How I overcame my pandemic anxiety

Graphic by Jia Chen

I didn’t know what to expect in this new decade other than finishing my non-degree courses at UW. However, when the headlines regarding COVID-19 began to spread, anxiety slowly creeped in throughout my studies. It only got worse back in March when my professors announced that UW was deciding on whether or not we would continue our lectures in-person. 

In mid-March, students received news that due to the pandemic lectures would be held online until further notice. And so my anxiety kicked in. I worried about balancing academics with other important tasks, worried about not finishing my assignments on time. Most of the places I usually hang out – such as the Pin-Up Arcade bar – were closed due to the pandemic. 

Initially, I felt lonely and anxious, and spent quite some time hidden in my room. However, I wasn’t communicating or being productive, so my family encouraged me to remain active. 

One of the ways I’ve coped with the pandemic is by working out. 

While it is important that people stay inside to prevent the spread, psychological health is equally important. I started exercising with my younger sister since she encouraged me to work out more due to my weight.

We found multiple intense workout routines online and just picked the ones that we felt we could improve on. In my case, I focused more on both abs and waist. I watched videos on YouTube to see how certain routines should be performed properly. 

At first, I was frustrated about not being able to perform the routine properly and just felt like I should be making more progress. Sometimes, I feel irritated when my body felt sore, too hot, or in pain after working out. Over time, I got used to it and began experiencing the benefits –  reduced anxiety, less boredom, and more energy. 

I like to walk around my neighborhood or the park with my family. We often walk around  Keats Wayand the neighborhood Beachwood in Waterloo. If my family wasn’t available I’d walk with my boyfriend, which comforted me. Walking with someone took my mind off of chores, reduced my anxiety. Even though we’re healthy, we want to be safe from the pandemic.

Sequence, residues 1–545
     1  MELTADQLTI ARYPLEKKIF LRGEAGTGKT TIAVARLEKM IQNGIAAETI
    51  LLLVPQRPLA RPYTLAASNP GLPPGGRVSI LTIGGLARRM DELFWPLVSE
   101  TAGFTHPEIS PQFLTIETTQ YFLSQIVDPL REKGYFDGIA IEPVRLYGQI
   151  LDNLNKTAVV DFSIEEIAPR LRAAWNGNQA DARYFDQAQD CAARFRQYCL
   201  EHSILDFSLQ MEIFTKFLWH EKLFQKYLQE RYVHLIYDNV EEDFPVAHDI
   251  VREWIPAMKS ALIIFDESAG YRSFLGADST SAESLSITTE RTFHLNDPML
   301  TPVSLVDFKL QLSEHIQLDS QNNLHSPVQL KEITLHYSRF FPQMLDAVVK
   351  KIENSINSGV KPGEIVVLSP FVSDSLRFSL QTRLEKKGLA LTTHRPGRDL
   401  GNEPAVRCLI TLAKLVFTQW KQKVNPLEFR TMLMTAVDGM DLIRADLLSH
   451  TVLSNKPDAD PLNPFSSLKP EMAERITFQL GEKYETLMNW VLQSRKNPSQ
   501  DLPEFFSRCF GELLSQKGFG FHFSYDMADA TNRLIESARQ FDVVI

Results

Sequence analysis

Sometimes I join my mother and my sister in the kitchen, baking cheesecake and making tamales. I think about cooking and living on my own, spending time with family and friends, through video calls or one day in person.

Every night my family asks me to join them for a movie. Sometimes, my father would ask me to play card games with my mom and sister or sing karaoke. 

As for my boyfriend, we talk to each other on the phone and eventually, I’ll invite him over to my house and watch movies. Being with my family allowed me to feel comfortable and much more sociable with the people I cared for most.

I think about the future and want to start researching my Master’s thesis. When I was finishing a Visual Arts major, I decided to look for Universities that have a master’s degree in film-related courses. Also, I emailed the graduate coordinators and asked them questions about an English master’s degree. 

There’s also the need to work during hard times. 

In my case, I am searching for a job such as being a cashier at a grocery store or an assistant at a pharmacy. While it’s not the best position for my career, I wanted to improve my skills and work experience and most importantly to be productive during the pandemic. By being productive and doing various activities at home with people who are currently living with me, it helped ease my negativity and stress.


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